This month Paris will celebrate the 70th anniversary of its escape from German occupation. For the citizens of that city, this event has a deeper, more sentimental meaning than even D-Day. Yet, as with so many French memories of World War II, the Liberation of Paris has a complicated history.
A small plaque on the Quai de la Hôtel de Ville, near Paris’s city hall, reads:
“To the Spanish Republicans: Main Component of the Dronne Column.” Few walk past this isolated wall today, and even fewer would know to what the memorial refers. It is a reminder—and an afterthought (dedicated on August 24, 2004)—that indeed many non-French fighters had helped to liberate the City of Light.
The first “French” soldiers Parisians saw late on August 24, 1944, and at dawn the next morning, were most likely Spanish veterans who had fled Franco’s army in 1939, at the end of their civil war. Led by a Frenchman, Captain Raymond Dronne, they had entered Paris on that Thursday night to the sounds of the great bells of Notre-Dame. This Spanish detachment of the Free French Army, also known as “la Nueve” (from the French neuvième régiment), wore U.S. military gear, and drove U.S. tanks decorated with the Gaullist Cross of Lorraine, but they proudly carried as well such names as “Guadalajara,” “Ebro,” and “Teruel,” sites of grand battles during their own cruel war. The “Nueve” was representative of the quite heterogeneous forces that retook the city.
Generals Eisenhower and Bradley had not been eager to chase the Germans from Paris, focused as they were to push through France, rush into Germany, and end the war before Christmas. Taking a large metropolitan area meant having to defend it, feed and protect its population, and maybe even fight a protracted German resistance. Ike knew that Hitler had ordered that Paris be held to the last, then destroyed if retreat became inevitable, but the Allied Supreme Commander was preoccupied with supplying his own fast-moving army.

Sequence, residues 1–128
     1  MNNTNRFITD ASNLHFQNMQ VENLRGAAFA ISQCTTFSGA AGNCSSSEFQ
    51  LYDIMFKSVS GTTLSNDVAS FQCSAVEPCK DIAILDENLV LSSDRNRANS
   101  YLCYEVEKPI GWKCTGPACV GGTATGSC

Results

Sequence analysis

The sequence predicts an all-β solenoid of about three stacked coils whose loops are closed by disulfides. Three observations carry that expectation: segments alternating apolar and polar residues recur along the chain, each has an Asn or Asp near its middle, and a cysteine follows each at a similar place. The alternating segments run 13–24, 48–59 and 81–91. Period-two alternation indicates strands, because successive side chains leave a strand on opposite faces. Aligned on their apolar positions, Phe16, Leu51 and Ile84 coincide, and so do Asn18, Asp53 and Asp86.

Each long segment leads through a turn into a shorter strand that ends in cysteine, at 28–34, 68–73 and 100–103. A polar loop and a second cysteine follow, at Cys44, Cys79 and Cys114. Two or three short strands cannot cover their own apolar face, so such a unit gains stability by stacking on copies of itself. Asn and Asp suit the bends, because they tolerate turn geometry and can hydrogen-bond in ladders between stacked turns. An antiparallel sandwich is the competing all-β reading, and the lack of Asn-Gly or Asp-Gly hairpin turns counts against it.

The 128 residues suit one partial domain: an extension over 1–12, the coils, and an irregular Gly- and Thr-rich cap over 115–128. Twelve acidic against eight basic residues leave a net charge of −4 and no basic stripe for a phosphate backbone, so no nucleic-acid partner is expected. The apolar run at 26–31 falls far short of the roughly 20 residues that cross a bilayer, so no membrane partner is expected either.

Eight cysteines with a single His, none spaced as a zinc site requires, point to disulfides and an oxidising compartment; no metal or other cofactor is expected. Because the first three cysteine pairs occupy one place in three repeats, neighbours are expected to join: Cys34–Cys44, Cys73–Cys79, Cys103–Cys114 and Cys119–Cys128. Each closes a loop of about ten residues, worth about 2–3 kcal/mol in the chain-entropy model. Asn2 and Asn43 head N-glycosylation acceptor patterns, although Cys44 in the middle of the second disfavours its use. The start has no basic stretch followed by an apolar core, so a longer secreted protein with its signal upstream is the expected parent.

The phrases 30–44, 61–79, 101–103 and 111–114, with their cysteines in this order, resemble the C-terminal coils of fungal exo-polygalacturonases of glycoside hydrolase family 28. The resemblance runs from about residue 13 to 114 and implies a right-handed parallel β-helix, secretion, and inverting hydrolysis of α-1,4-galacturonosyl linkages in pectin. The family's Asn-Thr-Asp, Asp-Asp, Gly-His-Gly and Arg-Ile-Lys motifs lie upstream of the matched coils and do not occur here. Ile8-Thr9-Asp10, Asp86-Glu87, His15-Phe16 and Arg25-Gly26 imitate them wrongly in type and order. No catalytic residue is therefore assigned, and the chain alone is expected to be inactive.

Breathtakingly persistent, Charles de Gaulle threatened to call for an urban insurrection, thereby exposing Parisians to a massacre if the Allies did not help win back their capital. He had other worries too: French Communists were fast organizing to counter his plans for governing; and, the loosely disciplined Free French Army unsettled this strictly military man.
Charles de Gaulle threatened to call for an urban insurrection, thereby exposing Parisians to a massacre if the Allies did not help win back their capital.
Still essentially ignored by the Allies, in a fit of insubordination, he ordered General Philippe Leclerc’s Second Armored Division to break off from the U.S. Fifth Corps, and to rush to Paris in U.S. tanks and using U.S. materiel, but without U.S. air cover. Crowds of joyful Frenchmen blocked the roads, and slowed their approach to the capital where an insurrection had indeed begun: street furniture, ripped up chunks of macadam, downed trees—all were used to block major arteries. But the efforts were more symbolic than effective. The Germans were trying to leave, and with their tanks and heavy weapons, they were much better armed than the insurrectionists. Finally, an exasperated Eisenhower ordered the support necessary to help recover Paris. A wavering, but canny Wehrmacht General Dietrich von Choltitz finally surrendered it on August 25.
Immediately after the liberation, Charles de Gaulle proposed the myth that its citizens had freed Paris, with help from the Free French Army. But he failed to mention that some of the most courageous members of that army were Jews from Poland, Germany, and Hungary, Spanish anarchists, North African Arabs and Berbers, Senegalese and other West African soldiers, and numerous other nationalities in the Foreign Legion. Of course, without American logistical aid, the insurrection would have ended in tragedy.
Amazingly, to show his political competitors that he had Allied backing, a still apprehensive de Gaulle asked General Eisenhower to have units of the U.S. 28th Infantry Division march down the Champs-Élysées on August 29. Leclerc’s division accompanied them.
But there were two major absences in that parade: given France’s long mistrust of their island kingdom, the British were not invited to participate, despite their moral and material support to the Free French. And the U.S. command demanded that the black Senegalese not be included. Paris, it would appear, had been liberated solely by indigenous Frenchmen: citizens, irregulars, and soldiers. But it should be remembered that they had had crucial help from a substantial group of foreigners.
The plaque honoring “la Nueve” speaks to how memory is often overlaid by the hedging of history.
Ronald C. Rosbottom is the author of When Paris Went Dark: The City of Light under German Occupation, 1940-1944 (Little, Brown, Inc. 2014).